Conclusion

There is a misperception that heart disease is a man’s disease, yet worldwide, heart disease is the single biggest killer of women (2). There is a clear bias toward men in not just the media representation of the disease but in its medical intervention. Women are more likely to be unaware of their symptoms, arrive at the hospital later, have a delay in diagnosis or a misdiagnosis, be undertreated, and ultimately be underrepresented in research. These discrepancies between the two genders accumulate and eventually create a substantial gender gap in the treatment of heart attack and heart disease. Ultimately this costs women their health, happiness, and lives.

I feel extremely grateful that I have had the opportunity to write this blog post and complete my own research on the matter. I feel better equipped to deal with heart disease having done so. However, I fear for the women, who through no fault of their own, remain unaware of the potential this disease has of costing their health. Furthermore, I fear for the women with heart disease who will face the consequences of male-favoured healthcare. Women must be at the forefront of healthcare, not just an afterthought.

For more information or support, please visit https://www.bhf.org.uk/

References:

  1. BHF UK CVD Factsheet [Internet]. 2022 Jan. Available from: https://www.bhf.org.uk/-/media/files/research/heart-statistics/bhf-cvd-statistics—uk-factsheet.pdf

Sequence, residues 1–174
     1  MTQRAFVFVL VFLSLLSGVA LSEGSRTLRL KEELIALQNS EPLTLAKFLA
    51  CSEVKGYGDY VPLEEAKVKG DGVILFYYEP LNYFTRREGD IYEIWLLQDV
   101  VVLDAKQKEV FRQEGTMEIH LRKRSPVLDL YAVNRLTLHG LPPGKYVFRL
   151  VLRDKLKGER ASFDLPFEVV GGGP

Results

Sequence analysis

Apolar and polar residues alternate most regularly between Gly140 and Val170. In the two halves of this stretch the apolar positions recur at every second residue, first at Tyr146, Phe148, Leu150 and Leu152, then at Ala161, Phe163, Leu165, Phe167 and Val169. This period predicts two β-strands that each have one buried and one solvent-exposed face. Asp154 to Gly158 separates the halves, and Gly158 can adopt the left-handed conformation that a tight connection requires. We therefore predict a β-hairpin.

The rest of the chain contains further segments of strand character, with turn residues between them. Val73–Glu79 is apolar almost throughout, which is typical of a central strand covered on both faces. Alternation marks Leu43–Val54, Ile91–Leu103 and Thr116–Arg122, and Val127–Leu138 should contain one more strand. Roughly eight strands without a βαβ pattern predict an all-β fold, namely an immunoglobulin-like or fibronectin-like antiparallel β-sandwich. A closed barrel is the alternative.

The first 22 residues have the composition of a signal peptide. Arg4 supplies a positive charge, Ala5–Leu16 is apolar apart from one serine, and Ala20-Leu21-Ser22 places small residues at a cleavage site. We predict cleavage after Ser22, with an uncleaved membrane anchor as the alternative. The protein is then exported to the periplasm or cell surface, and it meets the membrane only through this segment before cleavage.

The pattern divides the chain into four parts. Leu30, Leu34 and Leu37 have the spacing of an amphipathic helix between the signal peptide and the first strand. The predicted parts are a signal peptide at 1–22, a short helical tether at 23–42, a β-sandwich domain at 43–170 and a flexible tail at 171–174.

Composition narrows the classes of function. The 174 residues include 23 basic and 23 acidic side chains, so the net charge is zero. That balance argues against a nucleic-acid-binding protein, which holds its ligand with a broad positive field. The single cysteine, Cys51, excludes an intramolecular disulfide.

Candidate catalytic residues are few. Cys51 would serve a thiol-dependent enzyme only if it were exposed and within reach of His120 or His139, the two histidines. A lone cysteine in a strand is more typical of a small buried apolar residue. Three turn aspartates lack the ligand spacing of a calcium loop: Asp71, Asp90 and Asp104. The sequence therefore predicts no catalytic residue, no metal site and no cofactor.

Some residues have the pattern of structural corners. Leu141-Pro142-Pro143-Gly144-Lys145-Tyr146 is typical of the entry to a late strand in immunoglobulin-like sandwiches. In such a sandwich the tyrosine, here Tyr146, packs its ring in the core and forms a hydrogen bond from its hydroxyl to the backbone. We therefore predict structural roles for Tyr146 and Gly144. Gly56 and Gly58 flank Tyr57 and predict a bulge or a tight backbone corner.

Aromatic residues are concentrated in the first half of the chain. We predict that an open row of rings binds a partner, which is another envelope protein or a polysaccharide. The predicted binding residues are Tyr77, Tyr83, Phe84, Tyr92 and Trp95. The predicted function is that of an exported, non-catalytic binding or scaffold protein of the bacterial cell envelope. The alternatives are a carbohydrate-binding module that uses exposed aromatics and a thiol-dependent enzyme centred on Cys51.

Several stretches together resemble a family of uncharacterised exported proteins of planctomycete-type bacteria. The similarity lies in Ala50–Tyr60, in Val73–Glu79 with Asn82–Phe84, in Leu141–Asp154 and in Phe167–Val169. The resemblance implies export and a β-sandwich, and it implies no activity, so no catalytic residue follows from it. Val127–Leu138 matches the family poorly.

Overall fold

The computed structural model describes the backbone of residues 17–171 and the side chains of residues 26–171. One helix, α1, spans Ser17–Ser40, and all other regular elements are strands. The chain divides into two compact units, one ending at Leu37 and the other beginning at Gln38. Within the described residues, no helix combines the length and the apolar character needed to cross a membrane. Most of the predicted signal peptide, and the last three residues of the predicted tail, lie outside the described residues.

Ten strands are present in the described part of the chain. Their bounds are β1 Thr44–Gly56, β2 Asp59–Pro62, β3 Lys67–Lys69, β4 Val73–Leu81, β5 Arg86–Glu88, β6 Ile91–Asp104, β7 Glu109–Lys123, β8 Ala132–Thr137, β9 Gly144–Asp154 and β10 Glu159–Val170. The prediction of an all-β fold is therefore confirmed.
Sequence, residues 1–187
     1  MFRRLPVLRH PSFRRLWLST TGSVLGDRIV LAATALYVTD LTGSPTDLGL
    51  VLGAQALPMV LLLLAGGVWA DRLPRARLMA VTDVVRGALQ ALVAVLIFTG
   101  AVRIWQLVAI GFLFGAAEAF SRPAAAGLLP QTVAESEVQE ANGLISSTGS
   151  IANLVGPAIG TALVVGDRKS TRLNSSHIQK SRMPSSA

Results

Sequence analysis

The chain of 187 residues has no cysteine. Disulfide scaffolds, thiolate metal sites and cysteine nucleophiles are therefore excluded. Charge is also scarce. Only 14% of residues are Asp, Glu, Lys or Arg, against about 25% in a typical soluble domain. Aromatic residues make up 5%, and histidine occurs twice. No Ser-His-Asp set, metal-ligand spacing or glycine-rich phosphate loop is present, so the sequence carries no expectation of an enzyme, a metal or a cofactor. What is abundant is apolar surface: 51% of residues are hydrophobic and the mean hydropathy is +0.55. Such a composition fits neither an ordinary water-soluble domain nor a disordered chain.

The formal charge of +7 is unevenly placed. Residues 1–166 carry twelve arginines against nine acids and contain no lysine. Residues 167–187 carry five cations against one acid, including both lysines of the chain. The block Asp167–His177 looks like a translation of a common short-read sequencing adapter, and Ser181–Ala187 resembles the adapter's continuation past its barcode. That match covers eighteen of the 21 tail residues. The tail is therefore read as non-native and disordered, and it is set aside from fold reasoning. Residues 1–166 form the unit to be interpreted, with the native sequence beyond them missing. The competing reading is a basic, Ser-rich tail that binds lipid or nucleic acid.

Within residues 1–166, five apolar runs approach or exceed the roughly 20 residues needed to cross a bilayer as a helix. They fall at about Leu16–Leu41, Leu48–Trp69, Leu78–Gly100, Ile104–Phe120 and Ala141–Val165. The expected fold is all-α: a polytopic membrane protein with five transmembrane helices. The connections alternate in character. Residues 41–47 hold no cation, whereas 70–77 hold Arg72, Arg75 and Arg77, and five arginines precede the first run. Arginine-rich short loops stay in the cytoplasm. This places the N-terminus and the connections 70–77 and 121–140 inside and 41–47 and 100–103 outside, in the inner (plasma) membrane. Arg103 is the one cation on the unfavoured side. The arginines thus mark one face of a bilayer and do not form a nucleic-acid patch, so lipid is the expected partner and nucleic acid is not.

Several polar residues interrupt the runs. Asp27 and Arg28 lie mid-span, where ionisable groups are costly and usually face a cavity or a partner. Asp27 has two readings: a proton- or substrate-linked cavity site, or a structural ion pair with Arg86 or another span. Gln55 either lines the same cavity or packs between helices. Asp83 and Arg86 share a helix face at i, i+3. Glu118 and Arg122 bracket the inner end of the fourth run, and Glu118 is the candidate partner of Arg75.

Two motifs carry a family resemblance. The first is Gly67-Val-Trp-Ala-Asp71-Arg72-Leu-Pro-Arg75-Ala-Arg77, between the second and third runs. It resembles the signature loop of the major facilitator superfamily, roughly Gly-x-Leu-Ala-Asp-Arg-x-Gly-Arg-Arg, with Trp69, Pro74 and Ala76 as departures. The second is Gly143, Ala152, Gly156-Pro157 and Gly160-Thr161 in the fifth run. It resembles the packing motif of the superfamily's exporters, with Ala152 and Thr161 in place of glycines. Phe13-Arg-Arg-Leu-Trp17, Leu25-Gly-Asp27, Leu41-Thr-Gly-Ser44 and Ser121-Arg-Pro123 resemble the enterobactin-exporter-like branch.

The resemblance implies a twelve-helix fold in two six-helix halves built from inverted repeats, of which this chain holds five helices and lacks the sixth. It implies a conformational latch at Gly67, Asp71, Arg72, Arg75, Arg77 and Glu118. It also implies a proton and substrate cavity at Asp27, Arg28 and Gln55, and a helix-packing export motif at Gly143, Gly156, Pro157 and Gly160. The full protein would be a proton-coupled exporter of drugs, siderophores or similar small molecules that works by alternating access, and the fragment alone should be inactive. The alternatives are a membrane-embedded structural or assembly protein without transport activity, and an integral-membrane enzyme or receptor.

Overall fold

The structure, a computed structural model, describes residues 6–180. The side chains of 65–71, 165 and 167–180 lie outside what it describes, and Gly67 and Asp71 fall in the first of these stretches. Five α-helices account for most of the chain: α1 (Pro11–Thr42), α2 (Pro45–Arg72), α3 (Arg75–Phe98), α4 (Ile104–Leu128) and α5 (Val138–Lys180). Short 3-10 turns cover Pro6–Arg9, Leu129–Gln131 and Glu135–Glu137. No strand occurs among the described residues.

2. Bias and Biology [Internet]. British Heart Foundation. [cited 2022 Jul 6]. Available from: https://www.bhf.org.uk/informationsupport/heart-matters-magazine/medical/women-and-heart-disease/download-bias-and-biology-briefing
  3. Daponte-Codina A, et al. Gender and Social Inequalities in Awareness of Coronary Artery Disease in European Countries. Int J Environ Res Public Health. 2022 Jan 26;19(3):1388.
  4. Coronary heart disease [Internet]. NHS. 2018 [cited 2022 Jun 29]. Available from: https://www.nhs.uk/conditions/coronary-heart-disease/
  5. Coronary heart disease [Internet]. British Heart Foundation. [cited 2022 Jun 29]. Available from: https://www.bhf.org.uk/informationsupport/conditions/coronary-heart-disease
  6. Gender matters: Heart disease risk in women [Internet]. Harvard Health. 2006 [cited 2022 Jul 6]. Available from: https://www.health.harvard.edu/heart-health/gender-matters-heart-disease-risk-in-women
  7. Heart Attack Symptoms in Women | American Heart Association [Internet]. [cited 2022 Jul 6]. Available from: https://www.heart.org/en/health-topics/heart-attack/warning-signs-of-a-heart-attack/heart-attack-symptoms-in-women
  8. Nguyen HL, et al. Age and sex differences in duration of prehospital delay in patients with acute myocardial infarction: a systematic review. Circ Cardiovasc Qual Outcomes. 2010 Jan;3(1):82–92.
  9. Women are 50% more likely than men to be given an incorrect diagnosis following a heart attack [Internet]. British Heart Foundation. [cited 2022 Jun 30]. Available from: https://www.bhf.org.uk/what-we-do/news-from-the-bhf/news-archive/2016/august/women-are-50-per-cent-more-likely-than-men-to-be-given-incorrect-diagnosis-following-a-heart-attack
  10. How heart attacks differ in women [Internet]. [cited 2022 Jul 6]. Available from: https://www.ucihealth.org:443/blog/2019/02/women-heart-health/
  11. Did you know there is even a gender gap when it comes to coronary heart disease? [Internet]. International Women’s Day. 2018 [cited 2022 Jun 29]. Available from: https://www.internationalwomensday.com/Missions/14502/Did-you-know-there-is-even-a-gender-gap-when-it-comes-to-coronary-heart-disease
  12. Scott PE, et al. Participation of Women in Clinical Trials Supporting FDA Approval of Cardiovascular Drugs. J Am Coll Cardiol. 2018 May 8;71(18):1960–9.